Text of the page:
A zero-day bug has been uncovered in the TP-Link SR20 smart hub and home router, which would allow a local adversary to execute arbitrary commands on the device without authentication and establish a persistent backdoor for remote access.
The SR20 is an all-in-one router that can also work as an Internet of Things (IoT) hub; it supports ZigBee and Z-Wave, two popular wireless IoT standards for short-range connections to smart lights, smart outlets, the Nest thermostat, video doorbells and the like.
According to Google developer Matthew Garrett, who found and reported the flaw (with no response from TP-Link, he said), the problem lies in the TP-Link Device Debug Protocol (tddp), which runs with root privileges on many TP-Link routers.
It's been over 90 days since I reported it and @TPLINK never responded, so: arbitrary command execution on the TP-Link SR20 smart hub and router (and possibly other TP-Link device)
— Matthew Garrett (@mjg59) March 28, 2019
“It’s had multiple vulnerabilities in the past and the protocol is fairly well documented,” he said via tweet on Wednesday, 90 days after he informed TP-Link of the bug via the company’s official bug submission form. “Version 1 has no auth, version 2 requires the admin password. The SR20 still exposes some version 1 commands, one of which (command 0x1f, request 0x01) appears to be for some sort of configuration validation. You send it a filename, a semicolon and then an argument.”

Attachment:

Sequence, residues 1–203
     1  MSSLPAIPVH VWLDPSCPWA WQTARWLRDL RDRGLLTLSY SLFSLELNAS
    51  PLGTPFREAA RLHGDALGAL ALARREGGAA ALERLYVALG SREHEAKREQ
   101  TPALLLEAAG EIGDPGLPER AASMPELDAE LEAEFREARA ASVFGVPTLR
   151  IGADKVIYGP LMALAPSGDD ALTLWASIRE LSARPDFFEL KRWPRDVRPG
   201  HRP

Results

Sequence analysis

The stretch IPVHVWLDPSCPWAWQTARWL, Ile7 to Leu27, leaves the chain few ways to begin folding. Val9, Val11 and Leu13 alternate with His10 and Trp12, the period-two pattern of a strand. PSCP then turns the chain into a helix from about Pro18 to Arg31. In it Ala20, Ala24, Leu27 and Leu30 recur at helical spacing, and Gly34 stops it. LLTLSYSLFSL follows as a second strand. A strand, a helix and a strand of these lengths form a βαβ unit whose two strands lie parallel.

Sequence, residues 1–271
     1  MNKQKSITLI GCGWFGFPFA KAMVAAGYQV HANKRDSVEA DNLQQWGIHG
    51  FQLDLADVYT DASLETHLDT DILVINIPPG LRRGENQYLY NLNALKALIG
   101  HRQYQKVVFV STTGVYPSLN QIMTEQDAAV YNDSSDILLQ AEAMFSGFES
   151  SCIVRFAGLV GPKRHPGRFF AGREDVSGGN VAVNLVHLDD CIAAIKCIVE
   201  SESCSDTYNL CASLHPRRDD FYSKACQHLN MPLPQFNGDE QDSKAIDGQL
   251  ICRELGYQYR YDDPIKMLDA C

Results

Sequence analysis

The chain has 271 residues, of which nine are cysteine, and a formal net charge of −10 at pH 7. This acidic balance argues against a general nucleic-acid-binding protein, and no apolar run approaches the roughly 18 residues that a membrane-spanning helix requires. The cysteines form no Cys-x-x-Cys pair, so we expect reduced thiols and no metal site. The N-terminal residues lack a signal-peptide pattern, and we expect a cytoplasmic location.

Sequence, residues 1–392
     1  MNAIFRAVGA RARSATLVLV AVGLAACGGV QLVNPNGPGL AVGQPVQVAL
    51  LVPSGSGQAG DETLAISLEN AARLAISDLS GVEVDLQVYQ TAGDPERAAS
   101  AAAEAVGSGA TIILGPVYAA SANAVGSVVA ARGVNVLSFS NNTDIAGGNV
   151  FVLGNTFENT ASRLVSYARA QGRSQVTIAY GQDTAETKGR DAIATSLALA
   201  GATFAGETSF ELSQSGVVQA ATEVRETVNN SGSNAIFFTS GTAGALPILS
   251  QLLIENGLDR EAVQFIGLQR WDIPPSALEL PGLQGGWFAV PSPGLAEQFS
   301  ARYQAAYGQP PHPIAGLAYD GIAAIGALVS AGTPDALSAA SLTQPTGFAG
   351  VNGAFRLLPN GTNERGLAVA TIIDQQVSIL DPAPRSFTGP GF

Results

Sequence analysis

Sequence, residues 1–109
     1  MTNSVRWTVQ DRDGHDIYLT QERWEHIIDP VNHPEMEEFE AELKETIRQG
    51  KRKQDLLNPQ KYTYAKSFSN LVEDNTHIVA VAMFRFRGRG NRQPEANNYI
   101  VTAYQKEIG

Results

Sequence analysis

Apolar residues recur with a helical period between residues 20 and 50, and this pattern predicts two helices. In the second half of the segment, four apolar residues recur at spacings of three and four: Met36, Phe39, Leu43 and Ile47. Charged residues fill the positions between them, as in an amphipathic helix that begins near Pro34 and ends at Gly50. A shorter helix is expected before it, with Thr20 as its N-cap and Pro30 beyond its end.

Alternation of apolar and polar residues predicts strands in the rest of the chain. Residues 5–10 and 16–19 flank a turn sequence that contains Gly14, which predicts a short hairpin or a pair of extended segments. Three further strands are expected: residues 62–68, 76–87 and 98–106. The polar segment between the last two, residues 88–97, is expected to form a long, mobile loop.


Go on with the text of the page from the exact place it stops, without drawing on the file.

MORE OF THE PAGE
In a technical analysis, he noted that when the router receives this command, it then connects back to the requesting machine over TFTP (a file transfer protocol that requires no authentication) to validate its configuration; to do so, it requests the filename via TFTP and imports it into a LUA interpreter, which is also running with root privileges. It also “passes the argument to the config_test() function in the file it just imported,” Garrett said.
So, with a specially crafted file, it’s possible to “execute whatever you want, and you’re running as root, so victory,” he said, without authentication. He developed a proof-of-concept demonstrating the issue.
He added that the default firewall rules on the router block WAN access, so an attacker would need to be on the same local network as the router in order to be successful. This is a significant mitigation of course. A compromise would allow an attacker to infiltrate these systems if they still have default passwords, and would open the door to man-in-the-middle attacks and information exfiltration, or malware implantation on any vulnerable connected laptops and the like. However, said attacker would presumably already be able to do that with local network access in the first place.
Garrett told Threatpost via tweet that in terms of the danger to consumers, “it allows persistence – have access to the network once and you can backdoor the router to give you remote access in future.”
TP-Link did not immediately respond to a request for comment – and didn’t respond to Garrett, either.
“Anyway, stop shipping debug daemons on production firmware and if you’re going to have a webform to submit security issues then have someone actually respond to it,” Garrett tweeted.
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